700 million people remain extremely poor and time to act is now, says World Bank President David Malpass Updated for 2021

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Updated: March 6, 2021


After a busy week in Washington D.C. trying to understand and solve challenges facing the world’s most vulnerable countries, the World Bank President, David Malpass, said on Saturday that there were still over 700 million extremely poor people on earth and the time to act was now.

“Our mission is more urgent than ever. Extreme poverty remains at over 700 million people and income growth is insufficient to achieve shared prosperity,” Mr Malpass said in a statement from Washington D.C., a day to the end of the Meetings on Sunday.

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Our mission is more urgent than ever. Extreme poverty remains at over 700 million people and income growth is insufficient to achieve shared prosperity – David Malpass

According to him, “it is critically important that we work tirelessly to foster broad-based growth, raise median incomes, create jobs, and fully incorporate women and young people in economies, to support a stronger, more stable global economy for everyone.”

DAVID MALPASS, World Bank Group President, addresses journalist at the World Bank Group Opening Press Conference, at the IMF Headquarters in Washington DC on Wednesday, April 11, 2019. Photo: EMMANUEL IKODOR, TODAY NEWS AFRICA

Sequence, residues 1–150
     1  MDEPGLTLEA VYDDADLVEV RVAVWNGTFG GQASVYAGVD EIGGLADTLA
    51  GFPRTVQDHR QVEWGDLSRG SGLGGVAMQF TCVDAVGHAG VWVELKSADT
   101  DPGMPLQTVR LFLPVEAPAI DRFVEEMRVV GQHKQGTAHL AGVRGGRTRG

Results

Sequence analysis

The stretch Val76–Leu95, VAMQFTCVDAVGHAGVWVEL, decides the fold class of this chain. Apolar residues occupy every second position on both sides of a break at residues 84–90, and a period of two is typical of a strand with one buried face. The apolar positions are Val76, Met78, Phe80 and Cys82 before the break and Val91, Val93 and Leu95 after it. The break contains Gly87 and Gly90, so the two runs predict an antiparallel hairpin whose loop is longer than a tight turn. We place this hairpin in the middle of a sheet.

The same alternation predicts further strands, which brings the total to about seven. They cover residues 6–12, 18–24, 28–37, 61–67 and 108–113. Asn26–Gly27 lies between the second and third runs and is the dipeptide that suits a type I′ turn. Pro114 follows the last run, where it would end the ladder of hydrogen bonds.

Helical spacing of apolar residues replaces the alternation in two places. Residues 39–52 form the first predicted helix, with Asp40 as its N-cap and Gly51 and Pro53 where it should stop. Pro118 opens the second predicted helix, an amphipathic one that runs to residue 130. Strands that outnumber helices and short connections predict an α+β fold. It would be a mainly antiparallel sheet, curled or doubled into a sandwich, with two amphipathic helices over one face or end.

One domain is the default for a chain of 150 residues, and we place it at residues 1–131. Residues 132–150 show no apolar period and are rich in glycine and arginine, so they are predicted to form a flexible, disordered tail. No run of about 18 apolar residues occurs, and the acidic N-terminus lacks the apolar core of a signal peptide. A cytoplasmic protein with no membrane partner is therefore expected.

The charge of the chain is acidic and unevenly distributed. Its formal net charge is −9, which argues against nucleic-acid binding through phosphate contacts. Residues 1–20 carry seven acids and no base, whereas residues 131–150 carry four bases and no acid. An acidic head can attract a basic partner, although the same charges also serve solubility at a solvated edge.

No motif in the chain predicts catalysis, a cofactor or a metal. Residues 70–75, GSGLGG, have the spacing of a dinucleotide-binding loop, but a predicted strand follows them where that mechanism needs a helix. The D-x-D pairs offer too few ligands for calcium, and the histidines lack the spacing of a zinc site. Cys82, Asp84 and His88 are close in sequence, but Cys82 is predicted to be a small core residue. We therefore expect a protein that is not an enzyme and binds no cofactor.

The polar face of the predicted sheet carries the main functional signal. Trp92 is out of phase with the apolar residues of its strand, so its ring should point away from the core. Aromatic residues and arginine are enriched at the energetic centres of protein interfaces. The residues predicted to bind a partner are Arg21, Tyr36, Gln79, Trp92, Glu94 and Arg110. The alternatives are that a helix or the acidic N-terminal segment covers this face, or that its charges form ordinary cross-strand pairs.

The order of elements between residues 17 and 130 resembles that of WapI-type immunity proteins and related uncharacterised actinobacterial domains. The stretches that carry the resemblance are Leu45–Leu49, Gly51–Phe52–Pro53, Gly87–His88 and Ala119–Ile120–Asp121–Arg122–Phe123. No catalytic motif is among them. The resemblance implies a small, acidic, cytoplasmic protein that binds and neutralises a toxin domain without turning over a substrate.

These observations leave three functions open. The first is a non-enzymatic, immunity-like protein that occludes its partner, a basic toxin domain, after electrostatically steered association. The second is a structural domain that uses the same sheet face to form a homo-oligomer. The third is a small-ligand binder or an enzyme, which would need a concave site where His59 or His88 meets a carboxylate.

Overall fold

The good news, he argued, was that “the World Bank Group is well-positioned to help in these efforts”.

“We have the right tools and resources, talented and professional staff, and a clear and urgent mission.”

Thousands of financial experts and policymakers have been in Washington D.C. for a week, discussing from issues from climate change to the digital economy.

The World Bank and the IMF both projected that the global economy was expected to pick up but warned that trade wars, climate change, instability and bad fiscal and monetary policies could prevent growth.

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DAVID MALPASS, World Bank Group President, addresses journalist at the World Bank Group Opening Press Conference, at the IMF Headquarters in Washington DC on Wednesday, April 11, 2019. Photo: EMMANUEL IKODOR, TODAY NEWS AFRICA
Simon Ateba
Simon Ateba
Simon Ateba covers the White House, the U.S. government, the International Monetary Fund, the World Bank and other financial and international institutions for Today News Africa in Washington D.C. Simon can be reached on simonateba@todaynewsafrica.com

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